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VOL. XXIII. PITTSBURG, CHATHAM COUNTY, N. C THURSDAY, OCTOKKIl II, 1000.
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8 IN THE CHINA SEA I
5p x y
g A NARRATIVE OF ADVENTURE. jtf
JJ By SEWiltO W.: IIOI'KINS.
O (CorTKionr M t ttnrT Bossr' Hw. "4'
I am not tolling detective slory,
neither am I going to relate a great po
lice tragedy. It is not my purpose to
dwell at length upon tho efforts put
forth ly the police of Sun Francisco
in the search for Annie ltalstou. All
the enginery of law and force that
wealth and iufluouce could control was
lirotight into action. Hut it was of no
use. Tho wily Chinaman and the man
with tho scarred fare had done theii
work without an error. They had left
no sign to betray them. The polio
I met tho father of the missing girl.
He was a splendid specimen of Ameri
can. I judged that when uot Buffer
ing from a great alllietion the ex-Senator
was a man whose talent and hear
ing would make him a marked man in
any sphere or any laud. My heart
went out to him iu his great grief, nui",
tho more I saw of him and realized
the awful burden under which he was
staggering tho more I cursed myself
for a brainless fool for not strangling
tho Chinaman the night I saw him and
had a chance to do it.
I met, also, Annie's brother. I'd
ward Kalstou was a man of niauj
noble qualities, lie was intellectual,
be was noble-minded; but bis time
wai spent iu bis library with bis
hooks. When called upon to meet
the world and grapple with one of its
trag-'dies he floundered helplessly,
utterly lost iu tho whirlwind of crimo
that he caw whirling around him. ilu
'resembled somewhat the gill I htvl
neon, anil whose picture tho captain of
police bad shown me. After a few
days' acquaintance with Edward llul
Mmi, I declined him to bo a royal
good fellow. In this I was heartily
seconded by mv lgal friend.
1 had even dragged l.angston iuti.
the o.ise. His experience in complil
cited criminal cases always, ol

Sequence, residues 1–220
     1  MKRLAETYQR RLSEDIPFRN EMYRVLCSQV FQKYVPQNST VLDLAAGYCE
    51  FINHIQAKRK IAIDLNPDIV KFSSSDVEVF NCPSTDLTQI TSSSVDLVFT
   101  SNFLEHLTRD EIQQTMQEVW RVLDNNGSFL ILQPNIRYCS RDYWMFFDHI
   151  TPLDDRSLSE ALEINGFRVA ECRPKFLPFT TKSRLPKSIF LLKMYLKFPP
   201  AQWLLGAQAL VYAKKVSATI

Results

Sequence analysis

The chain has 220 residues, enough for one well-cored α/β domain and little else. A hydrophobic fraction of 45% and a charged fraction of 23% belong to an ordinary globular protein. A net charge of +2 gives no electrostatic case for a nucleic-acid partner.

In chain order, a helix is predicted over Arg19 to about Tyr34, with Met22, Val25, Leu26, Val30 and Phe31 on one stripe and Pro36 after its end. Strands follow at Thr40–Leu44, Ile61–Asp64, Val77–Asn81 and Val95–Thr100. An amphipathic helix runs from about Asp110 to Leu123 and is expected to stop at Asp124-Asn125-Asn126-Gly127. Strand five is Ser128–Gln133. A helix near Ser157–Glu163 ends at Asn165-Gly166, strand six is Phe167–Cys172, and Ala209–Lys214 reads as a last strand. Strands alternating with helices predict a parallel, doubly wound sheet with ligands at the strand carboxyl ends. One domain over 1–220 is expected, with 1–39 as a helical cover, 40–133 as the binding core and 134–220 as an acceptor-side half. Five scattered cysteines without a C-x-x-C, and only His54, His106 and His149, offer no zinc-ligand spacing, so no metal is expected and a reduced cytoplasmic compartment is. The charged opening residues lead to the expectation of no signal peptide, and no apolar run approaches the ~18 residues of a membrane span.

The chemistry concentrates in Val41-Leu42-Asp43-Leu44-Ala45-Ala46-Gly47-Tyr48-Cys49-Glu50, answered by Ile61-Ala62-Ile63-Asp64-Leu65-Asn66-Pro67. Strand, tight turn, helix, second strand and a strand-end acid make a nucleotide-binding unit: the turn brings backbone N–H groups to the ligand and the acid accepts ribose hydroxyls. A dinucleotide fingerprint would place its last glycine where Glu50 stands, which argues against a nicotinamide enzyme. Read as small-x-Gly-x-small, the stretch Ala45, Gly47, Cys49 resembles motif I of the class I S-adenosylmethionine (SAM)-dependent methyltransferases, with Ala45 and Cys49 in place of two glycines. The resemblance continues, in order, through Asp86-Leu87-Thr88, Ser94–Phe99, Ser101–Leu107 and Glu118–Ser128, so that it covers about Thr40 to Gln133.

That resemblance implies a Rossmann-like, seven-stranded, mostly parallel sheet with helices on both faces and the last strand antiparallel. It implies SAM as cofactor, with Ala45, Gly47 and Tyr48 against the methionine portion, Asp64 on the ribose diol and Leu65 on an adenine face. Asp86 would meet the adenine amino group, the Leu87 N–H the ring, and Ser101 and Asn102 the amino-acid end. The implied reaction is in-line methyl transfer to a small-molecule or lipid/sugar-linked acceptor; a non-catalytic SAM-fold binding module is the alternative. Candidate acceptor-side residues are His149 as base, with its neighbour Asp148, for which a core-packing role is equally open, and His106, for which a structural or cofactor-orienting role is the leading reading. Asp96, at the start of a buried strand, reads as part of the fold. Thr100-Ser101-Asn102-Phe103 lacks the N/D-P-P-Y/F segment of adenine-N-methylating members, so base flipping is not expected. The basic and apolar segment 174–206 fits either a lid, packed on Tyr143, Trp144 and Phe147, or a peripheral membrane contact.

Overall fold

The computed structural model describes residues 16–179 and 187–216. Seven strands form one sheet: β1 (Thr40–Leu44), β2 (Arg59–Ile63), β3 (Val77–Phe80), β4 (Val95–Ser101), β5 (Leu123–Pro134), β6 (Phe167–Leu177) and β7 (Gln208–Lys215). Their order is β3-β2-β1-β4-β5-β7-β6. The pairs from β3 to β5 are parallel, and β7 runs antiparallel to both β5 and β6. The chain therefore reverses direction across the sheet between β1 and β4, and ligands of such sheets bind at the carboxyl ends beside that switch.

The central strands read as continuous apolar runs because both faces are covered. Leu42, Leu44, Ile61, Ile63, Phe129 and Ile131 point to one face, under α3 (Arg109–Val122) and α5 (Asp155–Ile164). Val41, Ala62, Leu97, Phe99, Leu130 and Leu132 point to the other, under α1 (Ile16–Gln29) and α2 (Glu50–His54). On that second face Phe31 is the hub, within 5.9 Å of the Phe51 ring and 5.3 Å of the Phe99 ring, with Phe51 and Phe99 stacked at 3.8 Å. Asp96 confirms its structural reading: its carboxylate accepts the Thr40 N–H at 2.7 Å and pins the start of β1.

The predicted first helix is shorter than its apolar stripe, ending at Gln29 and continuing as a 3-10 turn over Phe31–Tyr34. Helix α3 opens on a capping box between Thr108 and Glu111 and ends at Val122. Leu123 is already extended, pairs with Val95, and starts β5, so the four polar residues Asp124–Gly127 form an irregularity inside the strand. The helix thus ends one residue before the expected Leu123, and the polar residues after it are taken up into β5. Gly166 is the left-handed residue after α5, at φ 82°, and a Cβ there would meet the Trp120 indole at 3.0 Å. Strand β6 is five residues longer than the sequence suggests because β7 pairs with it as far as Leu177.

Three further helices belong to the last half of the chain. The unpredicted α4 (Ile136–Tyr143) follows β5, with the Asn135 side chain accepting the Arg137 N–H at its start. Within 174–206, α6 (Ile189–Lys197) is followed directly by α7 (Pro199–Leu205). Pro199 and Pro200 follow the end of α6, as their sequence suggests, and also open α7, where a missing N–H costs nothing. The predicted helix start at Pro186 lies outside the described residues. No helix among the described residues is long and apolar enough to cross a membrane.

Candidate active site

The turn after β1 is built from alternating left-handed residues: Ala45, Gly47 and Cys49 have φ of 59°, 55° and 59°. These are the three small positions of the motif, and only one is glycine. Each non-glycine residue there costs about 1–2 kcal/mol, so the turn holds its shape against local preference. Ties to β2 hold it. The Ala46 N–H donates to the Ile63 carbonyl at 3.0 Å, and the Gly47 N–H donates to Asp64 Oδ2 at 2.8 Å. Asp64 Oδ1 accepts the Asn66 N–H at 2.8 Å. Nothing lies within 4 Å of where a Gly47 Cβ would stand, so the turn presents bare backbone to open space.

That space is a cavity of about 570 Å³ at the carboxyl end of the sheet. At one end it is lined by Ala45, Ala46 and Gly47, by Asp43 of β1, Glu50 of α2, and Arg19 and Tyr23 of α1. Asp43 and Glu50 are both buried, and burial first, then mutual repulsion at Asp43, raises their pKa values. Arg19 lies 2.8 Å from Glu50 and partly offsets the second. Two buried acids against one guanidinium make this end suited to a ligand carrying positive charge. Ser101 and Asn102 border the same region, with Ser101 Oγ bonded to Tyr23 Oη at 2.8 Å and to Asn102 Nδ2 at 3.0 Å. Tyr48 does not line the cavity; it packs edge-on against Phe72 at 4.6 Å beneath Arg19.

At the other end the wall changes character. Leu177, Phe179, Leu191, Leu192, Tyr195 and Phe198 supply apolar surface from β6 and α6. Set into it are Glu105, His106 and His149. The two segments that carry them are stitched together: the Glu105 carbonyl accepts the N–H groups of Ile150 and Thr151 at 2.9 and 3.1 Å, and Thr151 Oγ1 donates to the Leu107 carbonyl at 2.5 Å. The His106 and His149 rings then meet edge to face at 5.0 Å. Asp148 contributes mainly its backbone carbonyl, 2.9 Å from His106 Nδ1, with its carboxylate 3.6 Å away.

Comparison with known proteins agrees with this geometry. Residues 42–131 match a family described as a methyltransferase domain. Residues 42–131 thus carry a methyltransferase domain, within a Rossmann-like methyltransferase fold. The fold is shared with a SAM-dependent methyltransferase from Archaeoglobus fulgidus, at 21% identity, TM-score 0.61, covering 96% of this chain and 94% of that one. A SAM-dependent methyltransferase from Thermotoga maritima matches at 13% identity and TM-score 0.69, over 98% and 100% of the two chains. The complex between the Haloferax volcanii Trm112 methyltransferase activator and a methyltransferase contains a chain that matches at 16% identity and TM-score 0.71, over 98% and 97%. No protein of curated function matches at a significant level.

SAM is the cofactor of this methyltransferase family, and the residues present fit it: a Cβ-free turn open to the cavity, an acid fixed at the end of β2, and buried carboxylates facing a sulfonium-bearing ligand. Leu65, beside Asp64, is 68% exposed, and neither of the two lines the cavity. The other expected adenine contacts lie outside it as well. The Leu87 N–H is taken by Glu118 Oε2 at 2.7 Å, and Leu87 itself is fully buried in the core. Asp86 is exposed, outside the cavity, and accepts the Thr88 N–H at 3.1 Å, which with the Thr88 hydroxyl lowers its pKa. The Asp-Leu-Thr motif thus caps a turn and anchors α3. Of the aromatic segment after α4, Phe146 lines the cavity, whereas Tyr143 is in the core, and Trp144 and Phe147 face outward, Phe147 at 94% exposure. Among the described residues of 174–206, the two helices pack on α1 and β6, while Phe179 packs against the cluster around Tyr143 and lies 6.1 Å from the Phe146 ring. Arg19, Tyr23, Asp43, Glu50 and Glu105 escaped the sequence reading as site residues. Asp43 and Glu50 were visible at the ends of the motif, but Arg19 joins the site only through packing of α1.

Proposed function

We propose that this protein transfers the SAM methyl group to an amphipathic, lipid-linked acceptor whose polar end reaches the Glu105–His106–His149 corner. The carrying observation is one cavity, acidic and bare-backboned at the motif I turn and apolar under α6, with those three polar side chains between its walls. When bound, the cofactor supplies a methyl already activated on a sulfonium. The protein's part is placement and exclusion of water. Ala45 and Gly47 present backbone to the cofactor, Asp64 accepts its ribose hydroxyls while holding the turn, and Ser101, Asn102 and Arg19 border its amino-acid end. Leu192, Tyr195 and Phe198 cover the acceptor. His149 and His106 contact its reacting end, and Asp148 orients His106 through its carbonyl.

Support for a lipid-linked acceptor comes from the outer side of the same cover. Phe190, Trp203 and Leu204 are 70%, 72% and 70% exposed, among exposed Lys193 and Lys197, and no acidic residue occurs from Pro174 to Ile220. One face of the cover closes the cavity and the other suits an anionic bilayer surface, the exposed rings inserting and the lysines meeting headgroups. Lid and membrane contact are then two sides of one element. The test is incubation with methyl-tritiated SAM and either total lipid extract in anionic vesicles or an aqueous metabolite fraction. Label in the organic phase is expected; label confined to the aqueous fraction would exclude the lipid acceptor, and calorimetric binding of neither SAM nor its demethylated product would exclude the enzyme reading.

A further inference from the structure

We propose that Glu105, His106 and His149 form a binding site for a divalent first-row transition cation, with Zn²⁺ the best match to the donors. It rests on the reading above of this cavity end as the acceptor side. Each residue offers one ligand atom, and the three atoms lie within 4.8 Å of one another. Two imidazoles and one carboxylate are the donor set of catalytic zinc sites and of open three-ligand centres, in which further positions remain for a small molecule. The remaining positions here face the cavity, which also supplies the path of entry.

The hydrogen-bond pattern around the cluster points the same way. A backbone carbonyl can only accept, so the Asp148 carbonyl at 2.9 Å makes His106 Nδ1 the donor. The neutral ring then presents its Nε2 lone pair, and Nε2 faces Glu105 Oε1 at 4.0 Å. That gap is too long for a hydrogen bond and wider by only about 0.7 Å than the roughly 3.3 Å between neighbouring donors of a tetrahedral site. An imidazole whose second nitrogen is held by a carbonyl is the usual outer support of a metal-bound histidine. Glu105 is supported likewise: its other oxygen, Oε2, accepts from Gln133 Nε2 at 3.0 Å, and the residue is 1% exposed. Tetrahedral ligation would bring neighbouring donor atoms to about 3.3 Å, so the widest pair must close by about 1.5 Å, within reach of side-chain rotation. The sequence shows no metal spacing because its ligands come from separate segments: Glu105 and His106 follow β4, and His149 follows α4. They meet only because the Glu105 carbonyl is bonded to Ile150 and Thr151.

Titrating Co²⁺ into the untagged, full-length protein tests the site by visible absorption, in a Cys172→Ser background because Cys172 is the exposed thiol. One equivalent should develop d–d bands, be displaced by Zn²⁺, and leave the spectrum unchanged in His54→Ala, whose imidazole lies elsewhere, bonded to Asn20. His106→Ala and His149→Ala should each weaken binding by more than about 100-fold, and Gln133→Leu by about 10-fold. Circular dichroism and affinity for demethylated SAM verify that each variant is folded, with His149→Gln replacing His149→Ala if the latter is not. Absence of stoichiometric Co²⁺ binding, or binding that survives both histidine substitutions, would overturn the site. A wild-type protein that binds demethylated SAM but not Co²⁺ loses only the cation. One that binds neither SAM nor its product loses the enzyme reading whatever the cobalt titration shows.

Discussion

course, in a professional capacity I
assisted mo nol a little iu solving s.uut i
of t'.ui riddles of this peculiar kidnap- I
ing or abducting or whatever else hi;
legal lore might name it.
As for me, the mora I thought over
it I'.io more morbid I became. 1 ha I
come to believe that upon me lay the
responsibility for the second disap
pearance and escape. This thought
being burned into my brain, it was
but niioili.-r step to decide that it was
my duty to search until Annie ltalstou
was found, no matter what the cost.
I was haunted day and night by
visions of that pile, beautiful race
lyiiK so helplessly on the pill.iw.
Often I would grow almost sick an I
di.y wh"'i I thought of her an 1 her j
Lang-to:i, much to my surprise,
plunge I heartily into the search. He
us better posted on police ways than I
I was; all 1 often when I rebelle 1 at a I
fcining lack of interest, he would
assure me tint il was all right am1,
then tell mo of s.uuo secret lino o.
action that wnt being followed.
Hut it was nil of no use. In tin
language of the people who choose
their phrases for their expressiveness
nud not for beauty, we had bieu '"put
We began to get discouraged. In
fact, that became lay clironie condi
tion, ' neglected my meals; I ucg
le-tel my patients. My entire being
was absorbed by tho thought that 1
murt I'm 1 Aunie Kalstoti.
One day, when the police bad about
exhausted their effort and were
going to declare the game lost, ane
the poor father's heart was full ol
misery, the superintendent received i
telegram from Victoria, Vancouver,
that again plunged us nil into a fever.
At.ue same, time it lifted our hones
anil overwhelmed ns witn ic.tpiio'.
This telegram was short; it miglr
mean nothing, it might mean every
thing. All it said was:
"Young woman dswi1bk ilcriptioi
Annie It ilst-m snll".! In steamship Ketnt-to-iluy,
2 p. iu., with two Cbinestt servants.
Upon receiving this telegram th
superintendent called us together foi
immediate consultation. No details c;
iiloutification were given. The news
was vet v meager. Of one thitig w
were eertaiu: Annie Kalstou did no
sail on the Ketoto of her own will,
telegraphic! correspondence betwe-':
the superintendent nnd Chief Ilnvli 1
followed. Hut little more could be
learned save the importaut fact tha'
the young woman had uot engage' i
a.ssage iu person, and her naire did
not nppear on the books of the com I
pany. Two staterooms ha.l been ou
gaged; one for Chang I.uug and tin
other for Sid Kee and wife. It w.-i
further slated thiit, when the pus
eeiigeis appeared, Sid Kie's wife, n
beautiful American, was very ill .iu
app:ireutly unconscious. It was be
lieveil by the agent of the company a;
Vancouver that the two Chinamen
occupied one stateroom and Sid Kee'.
"wife" the other.
This information, as may well 1
imagiued, simply whetted my appetih
for the chase. But the police seauie
to lose their ai .lor. At any rate, tii.
superintendent professed to doubt tin
identity ot tee woman ou tho Keioh
as Annie Kalstou.
"ft is impossible," he said
these Chinamen could get an
scions girl out of San Francisco with